FOR IMMEDIATE RELEASE:
August 6, 2018
Robin LeoGrande, President, Community for Permanent Supported Housing, 214-632-8115
Sara Pratt, Attorney, Relman, Dane & Colfax PLLC, 202-730-0317
Edie Surtees, Communications Director, Disability Rights Texas, 512-407-2739
DALLAS—Relman, Dane & Colfax PLLC and Disability Rights Texas filed a lawsuit in federal district court today in Dallas against the Housing Authority of the City of Dallas, Texas, on behalf of the nonprofit Community for Permanent Supported Housing (CPSH) and five families.
The suit alleges that the Dallas Housing Authority (DHA) violated federal civil rights laws by stopping a program that was intended to give low-income adults with disabilities access to community-based housing. The organization and individuals claim that their adult children with disabilities need the housing to be able to live more independently in houses in neighborhoods. Without the housing, which would be federally funded through HUD’s project-based voucher program, their family members could be at risk of homelessness or institutionalization.
DHA’s cancellation of the program, they allege, denied their rights of their disabled children to live in the most integrated setting that was appropriate for them and disregarded the families’ rights to request a reasonable accommodation s to allow a property owner’s family member to live in a property while receiving rent subsidies. They seek a court order requiring DHA to implement the program across its service area and other remedies.
Because of DHA’s actions, tCommunity for Permanent Supported Housing has been unable to assist many adults with disabilities who should move into less restricted housing under DHA’s Project-Based Voucher program. For many people with disabilities in the seven counties in DHA’s service area, such a program would help avoid the risk of homelessness and institutionalization.
The other plaintiffs are Cynthia Curtis, Mary Hubbard, Irene Niemotka, Peggy Shadduck, and Kelly Waterman, parents living in the Dallas, Texas Area, who because of DHA’s actions are unable assist their adult children with disabilities to move into community-based housing under DHA’s Project-Based Voucher program.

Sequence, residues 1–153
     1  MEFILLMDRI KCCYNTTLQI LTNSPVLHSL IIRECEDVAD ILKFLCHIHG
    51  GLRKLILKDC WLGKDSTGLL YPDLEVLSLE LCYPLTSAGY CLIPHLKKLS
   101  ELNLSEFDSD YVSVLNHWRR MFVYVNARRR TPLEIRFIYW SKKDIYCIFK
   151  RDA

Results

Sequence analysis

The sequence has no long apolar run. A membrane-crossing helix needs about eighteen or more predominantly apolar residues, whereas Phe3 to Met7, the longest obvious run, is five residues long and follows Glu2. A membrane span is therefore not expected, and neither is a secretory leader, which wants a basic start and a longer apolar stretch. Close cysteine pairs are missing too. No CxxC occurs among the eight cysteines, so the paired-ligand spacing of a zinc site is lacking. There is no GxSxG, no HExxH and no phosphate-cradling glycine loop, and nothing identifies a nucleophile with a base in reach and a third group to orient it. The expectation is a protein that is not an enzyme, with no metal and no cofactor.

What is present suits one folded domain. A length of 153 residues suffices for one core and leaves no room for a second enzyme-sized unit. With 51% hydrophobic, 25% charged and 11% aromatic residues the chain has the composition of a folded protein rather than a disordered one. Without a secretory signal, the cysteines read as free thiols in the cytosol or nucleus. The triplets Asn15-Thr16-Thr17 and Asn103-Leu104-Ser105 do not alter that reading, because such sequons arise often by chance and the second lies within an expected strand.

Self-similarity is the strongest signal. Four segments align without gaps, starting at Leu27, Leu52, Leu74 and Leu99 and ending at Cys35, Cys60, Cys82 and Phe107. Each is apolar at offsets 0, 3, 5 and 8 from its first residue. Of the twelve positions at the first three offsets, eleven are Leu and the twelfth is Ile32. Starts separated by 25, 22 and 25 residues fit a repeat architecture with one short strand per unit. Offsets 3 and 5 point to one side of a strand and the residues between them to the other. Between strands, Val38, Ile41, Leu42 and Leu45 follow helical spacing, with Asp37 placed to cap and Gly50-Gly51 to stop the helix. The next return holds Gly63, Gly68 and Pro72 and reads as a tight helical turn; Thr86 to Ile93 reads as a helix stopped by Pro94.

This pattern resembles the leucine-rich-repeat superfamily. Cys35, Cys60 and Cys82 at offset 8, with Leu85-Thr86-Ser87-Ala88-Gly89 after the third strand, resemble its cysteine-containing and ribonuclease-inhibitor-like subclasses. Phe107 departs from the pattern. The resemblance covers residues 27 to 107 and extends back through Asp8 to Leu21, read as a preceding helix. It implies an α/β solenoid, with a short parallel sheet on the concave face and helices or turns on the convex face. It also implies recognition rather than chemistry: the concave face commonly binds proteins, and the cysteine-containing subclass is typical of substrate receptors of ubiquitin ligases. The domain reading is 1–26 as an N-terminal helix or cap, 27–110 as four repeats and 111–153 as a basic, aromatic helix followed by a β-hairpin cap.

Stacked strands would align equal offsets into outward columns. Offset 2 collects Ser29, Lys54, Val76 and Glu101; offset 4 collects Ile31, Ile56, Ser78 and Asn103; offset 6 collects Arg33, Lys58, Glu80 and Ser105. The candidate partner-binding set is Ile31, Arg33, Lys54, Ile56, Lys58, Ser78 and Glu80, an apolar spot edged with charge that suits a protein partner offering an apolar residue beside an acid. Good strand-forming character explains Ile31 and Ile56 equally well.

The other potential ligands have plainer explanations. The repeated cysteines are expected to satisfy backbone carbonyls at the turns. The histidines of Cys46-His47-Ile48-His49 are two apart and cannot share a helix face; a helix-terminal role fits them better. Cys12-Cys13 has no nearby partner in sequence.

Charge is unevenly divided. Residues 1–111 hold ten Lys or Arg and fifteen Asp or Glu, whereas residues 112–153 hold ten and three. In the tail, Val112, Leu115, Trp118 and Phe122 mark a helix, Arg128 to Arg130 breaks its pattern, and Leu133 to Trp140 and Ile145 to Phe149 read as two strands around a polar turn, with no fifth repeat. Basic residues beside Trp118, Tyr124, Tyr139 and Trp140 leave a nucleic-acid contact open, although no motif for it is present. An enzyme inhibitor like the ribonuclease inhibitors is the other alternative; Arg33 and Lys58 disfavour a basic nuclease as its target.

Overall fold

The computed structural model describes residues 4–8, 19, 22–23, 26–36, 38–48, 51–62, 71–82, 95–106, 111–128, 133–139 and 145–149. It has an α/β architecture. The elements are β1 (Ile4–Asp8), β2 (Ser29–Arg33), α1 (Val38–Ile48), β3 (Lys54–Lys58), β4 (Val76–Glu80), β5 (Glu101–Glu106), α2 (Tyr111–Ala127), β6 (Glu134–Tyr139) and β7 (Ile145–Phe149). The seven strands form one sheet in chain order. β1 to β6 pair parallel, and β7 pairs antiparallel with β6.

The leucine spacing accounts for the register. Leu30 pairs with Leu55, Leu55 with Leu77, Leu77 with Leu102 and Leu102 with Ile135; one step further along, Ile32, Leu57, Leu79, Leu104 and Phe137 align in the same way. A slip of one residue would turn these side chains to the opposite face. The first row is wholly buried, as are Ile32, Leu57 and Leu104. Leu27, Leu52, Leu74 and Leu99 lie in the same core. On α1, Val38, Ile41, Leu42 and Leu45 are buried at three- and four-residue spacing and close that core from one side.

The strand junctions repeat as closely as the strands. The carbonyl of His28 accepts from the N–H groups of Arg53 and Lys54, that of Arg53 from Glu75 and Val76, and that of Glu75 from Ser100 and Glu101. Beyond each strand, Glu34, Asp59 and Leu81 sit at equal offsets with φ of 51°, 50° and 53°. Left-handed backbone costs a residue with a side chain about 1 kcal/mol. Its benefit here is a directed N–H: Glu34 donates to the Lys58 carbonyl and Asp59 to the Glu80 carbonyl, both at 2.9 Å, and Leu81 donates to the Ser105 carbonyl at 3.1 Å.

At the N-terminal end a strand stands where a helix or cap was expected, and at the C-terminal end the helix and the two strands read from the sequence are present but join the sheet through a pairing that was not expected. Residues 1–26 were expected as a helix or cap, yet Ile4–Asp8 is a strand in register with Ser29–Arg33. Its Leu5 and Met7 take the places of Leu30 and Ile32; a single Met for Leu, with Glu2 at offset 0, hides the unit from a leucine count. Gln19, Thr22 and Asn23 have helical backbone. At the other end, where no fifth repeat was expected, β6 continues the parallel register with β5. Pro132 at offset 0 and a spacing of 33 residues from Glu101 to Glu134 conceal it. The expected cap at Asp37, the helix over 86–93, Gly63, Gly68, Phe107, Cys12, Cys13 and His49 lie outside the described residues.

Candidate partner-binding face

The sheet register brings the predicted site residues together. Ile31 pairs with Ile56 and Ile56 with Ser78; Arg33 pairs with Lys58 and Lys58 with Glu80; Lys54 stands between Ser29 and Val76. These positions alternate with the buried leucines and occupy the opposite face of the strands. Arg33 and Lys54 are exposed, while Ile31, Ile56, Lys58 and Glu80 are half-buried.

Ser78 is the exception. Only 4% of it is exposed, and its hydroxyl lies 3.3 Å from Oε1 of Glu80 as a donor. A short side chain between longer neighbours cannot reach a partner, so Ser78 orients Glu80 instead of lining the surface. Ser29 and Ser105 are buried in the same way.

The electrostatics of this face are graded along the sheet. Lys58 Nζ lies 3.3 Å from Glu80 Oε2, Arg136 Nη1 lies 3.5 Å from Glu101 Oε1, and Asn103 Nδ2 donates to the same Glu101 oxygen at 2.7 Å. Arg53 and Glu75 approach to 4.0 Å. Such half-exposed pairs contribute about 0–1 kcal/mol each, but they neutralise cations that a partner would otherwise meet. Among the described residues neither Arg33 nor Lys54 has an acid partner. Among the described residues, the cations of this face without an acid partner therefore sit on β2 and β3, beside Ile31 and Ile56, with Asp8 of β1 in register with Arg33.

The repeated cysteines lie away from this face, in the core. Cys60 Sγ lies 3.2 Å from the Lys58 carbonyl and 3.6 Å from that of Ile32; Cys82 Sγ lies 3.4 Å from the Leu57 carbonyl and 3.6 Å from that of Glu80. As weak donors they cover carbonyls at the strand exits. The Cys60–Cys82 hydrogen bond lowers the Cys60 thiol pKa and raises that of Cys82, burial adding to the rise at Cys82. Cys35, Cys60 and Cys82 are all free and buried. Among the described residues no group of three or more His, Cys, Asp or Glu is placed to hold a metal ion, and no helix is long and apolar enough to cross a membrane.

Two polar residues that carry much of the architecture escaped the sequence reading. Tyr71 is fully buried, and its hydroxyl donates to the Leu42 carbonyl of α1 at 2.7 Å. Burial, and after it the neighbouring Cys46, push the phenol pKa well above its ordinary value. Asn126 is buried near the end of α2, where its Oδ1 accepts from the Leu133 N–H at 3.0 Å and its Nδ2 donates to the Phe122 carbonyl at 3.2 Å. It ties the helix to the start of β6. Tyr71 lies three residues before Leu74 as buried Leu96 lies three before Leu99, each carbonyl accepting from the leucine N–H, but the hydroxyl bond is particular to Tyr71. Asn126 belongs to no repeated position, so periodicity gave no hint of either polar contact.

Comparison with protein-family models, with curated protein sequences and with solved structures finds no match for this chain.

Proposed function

The lawsuit resulted after CPSH tried unsuccessfully to have DHA implement the program without the need for litigation. “We chose to try to resolve this issue first with DHA, expecting DHA to review our evidence and implement changes to secure, maintain, and market its Project-Based Voucher Program for people with disabilities,” said Robin LeoGrande, President of COMMUNITY FOR PERMANENT SUPPORTED HOUSING. “However, even after discussing this with DHA leadership and legal counsel we saw no effort by DHA to implement the Project-Based Voucher Program for people with disabilities that it announced in 2016 and then cancelled.”
The 2013 Statement of the Department of Housing and Urban Development on the Role of Housing in Accomplishing the Goals of Olmstead outlined the importance of housing opportunities for people with disabilities in HUD-funded housing. “[I]ndividuals with disabilities, like individuals without disabilities, should have choice and self-determination in housing and in the health care and related support services they receive. For this reason, HUD is committed to offering individuals with disabilities housing options that enable them to make meaningful choices about housing, health care, and long-term services and supports so they can participate fully in community life.”
The plaintiffs claim that when DHA halted the process for Project-Based Vouchers for housing in 2016, it interfered with the availability of community-based housing for persons with disabilities and it effectively denied individual persons with disabilities the ability to be considered for housing opportunities, whether or not they might ultimately reside in housing owned by a close relative. DHA’s actions have resulted in foreclosure of availability of community-based housing with people with disabilities.
“In the DFW area over 100,000 people with disabilities have at least one challenge to living Independently. Many are at risk of homelessness and institutionalization. There is currently affordable housing across the state for only three percent of this population. The plaintiffs want to ensure the housing rights of people with disabilities are upheld and access to community-based housing increases. The Dallas Housing Authority should be an important participant in this effort,” says Robin LeoGrande.
Relman, Dane & Colfax PLLC is a national civil rights law firm based in Washington, DC. The firm litigates civil rights cases in the areas of housing, lending, employment, public accommodations, education, and police accountability. Our national practice includes individual and class action lawsuits on behalf of plaintiffs who have suffered discrimination and harassment on the basis of race, national origin, color, religion, sex (including gender identity), disability, age, familial status, source of income, and sexual orientation.
Disability Rights Texas is the federally designated legal protection and advocacy agency for people with disabilities in Texas. Its mission is to help people with disabilities understand and exercise their rights under the law, ensuring their full and equal participation in society.
Community for Permanent Supported Housing is a charity that creates housing options with the North Texas community for adults with intellectual and developmental disabilities and social challenges regardless of IQ, as well as educational services for these adults and their families to encourage independent living.